“Sotheby’s respects and maintains the confidentiality of its consignors and buyers, and does not comment on matters that are not of public record,” the statement said, adding: “This particular work was known to the market, and was traded multiple times prior to the auction in 1994.”
The Chagall hung for years on the wall of the bedroom that Ms. Clegg shared with her husband, Alfred John Clegg, before going into storage when she moved to a smaller home. That’s where it was, she said, when Sotheby’s suggested in early 2020 that if she were interested in selling items, her Chagall, among others, might do well. The work was subsequently shipped to the Comité Marc Chagall, a panel of experts that was founded in 1988 and which makes decisions on the authenticity of works attributed to the artist.
In late 2020, the panel released its findings regarding her work. In a letter to Ms. Clegg, Meret Meyer, one of Chagall’s granddaughters and a member of the panel, reported that it had unanimously found the work to be inauthentic, adding that it is an amalgam of several other works including “Le couple au bouquet,” from about 1952, and “Les amoureux au cheval” from 1961.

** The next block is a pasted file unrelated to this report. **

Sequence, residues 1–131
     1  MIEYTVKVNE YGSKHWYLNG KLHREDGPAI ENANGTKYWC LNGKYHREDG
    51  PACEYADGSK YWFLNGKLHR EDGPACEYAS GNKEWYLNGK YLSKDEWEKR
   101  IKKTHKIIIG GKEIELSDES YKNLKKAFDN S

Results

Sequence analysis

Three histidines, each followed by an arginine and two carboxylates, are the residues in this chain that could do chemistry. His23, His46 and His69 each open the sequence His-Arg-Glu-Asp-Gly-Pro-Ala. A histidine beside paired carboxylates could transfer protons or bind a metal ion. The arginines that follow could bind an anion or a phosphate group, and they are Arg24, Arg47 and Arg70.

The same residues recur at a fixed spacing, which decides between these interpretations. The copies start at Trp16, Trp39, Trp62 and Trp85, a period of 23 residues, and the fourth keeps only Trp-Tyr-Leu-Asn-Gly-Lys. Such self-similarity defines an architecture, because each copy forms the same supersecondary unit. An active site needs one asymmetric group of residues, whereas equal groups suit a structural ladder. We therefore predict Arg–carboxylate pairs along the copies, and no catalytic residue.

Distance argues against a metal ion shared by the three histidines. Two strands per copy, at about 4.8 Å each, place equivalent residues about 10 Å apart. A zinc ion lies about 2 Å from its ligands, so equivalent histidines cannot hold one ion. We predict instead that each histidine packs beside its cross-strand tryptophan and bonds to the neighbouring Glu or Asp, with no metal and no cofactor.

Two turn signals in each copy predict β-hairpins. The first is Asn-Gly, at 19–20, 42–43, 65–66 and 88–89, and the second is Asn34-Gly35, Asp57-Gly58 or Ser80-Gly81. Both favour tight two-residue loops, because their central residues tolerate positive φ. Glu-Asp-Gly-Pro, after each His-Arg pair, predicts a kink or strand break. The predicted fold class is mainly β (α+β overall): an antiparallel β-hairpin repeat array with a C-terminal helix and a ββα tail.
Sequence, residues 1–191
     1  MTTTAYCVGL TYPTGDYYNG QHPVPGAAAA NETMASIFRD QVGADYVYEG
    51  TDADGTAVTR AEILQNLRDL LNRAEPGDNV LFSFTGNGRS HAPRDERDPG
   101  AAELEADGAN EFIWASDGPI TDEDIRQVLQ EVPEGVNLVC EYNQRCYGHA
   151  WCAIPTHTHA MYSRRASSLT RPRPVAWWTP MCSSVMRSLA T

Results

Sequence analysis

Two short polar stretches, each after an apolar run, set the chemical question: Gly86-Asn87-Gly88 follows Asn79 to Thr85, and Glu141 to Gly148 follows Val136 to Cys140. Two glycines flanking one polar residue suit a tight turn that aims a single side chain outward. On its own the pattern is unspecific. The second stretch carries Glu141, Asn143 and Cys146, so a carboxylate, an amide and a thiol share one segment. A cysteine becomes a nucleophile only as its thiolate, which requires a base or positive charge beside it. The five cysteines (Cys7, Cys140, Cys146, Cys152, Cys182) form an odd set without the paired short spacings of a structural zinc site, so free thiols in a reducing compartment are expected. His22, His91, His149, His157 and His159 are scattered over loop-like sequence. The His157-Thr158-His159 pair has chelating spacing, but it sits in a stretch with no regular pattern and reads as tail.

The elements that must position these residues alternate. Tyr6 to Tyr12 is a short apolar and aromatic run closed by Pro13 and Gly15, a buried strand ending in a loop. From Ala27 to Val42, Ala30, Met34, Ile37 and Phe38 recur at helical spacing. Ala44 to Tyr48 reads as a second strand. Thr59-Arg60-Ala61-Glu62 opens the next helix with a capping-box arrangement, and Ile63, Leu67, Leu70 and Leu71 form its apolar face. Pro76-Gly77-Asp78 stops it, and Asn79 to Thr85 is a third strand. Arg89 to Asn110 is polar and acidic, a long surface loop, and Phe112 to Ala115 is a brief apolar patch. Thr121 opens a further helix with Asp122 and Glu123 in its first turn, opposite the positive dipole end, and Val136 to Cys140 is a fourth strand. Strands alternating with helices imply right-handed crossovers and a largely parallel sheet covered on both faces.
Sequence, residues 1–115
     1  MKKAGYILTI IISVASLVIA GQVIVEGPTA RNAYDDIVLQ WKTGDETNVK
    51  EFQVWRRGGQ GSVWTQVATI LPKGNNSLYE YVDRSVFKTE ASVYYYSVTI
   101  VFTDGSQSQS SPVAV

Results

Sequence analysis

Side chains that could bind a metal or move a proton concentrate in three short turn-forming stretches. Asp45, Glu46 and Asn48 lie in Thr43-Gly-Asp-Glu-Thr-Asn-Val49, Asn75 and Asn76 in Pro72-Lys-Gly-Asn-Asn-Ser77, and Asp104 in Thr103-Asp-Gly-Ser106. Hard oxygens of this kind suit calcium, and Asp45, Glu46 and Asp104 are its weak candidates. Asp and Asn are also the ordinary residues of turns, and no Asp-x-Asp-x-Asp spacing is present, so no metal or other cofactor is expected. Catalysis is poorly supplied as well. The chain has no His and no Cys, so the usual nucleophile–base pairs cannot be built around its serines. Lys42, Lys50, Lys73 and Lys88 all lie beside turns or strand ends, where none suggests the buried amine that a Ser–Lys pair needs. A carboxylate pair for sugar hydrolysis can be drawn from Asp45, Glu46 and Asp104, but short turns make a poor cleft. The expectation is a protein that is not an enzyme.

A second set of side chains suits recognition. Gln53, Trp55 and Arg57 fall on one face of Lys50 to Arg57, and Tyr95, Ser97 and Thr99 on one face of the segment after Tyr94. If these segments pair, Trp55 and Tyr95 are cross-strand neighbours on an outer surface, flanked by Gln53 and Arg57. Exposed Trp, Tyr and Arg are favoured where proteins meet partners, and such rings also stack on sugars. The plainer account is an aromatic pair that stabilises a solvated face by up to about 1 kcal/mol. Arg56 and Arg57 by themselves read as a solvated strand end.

Ms. Clegg’s painting included “recurrent iconographic elements of Chagall’s work,” including a bouquet, lovers, a horse profile, a rooster profile, a village silhouette and a crescent moon, the committee wrote, but those lacked “real presence,” according to a translation provided by Ms. Clegg’s lawyer. The letter went on to say that Chagall’s heirs were requesting the “judicial seizure” of the painting “so that the work may be destroyed.”
In France, courts have recognized the authority of expert panels to destroy works determined to be counterfeit.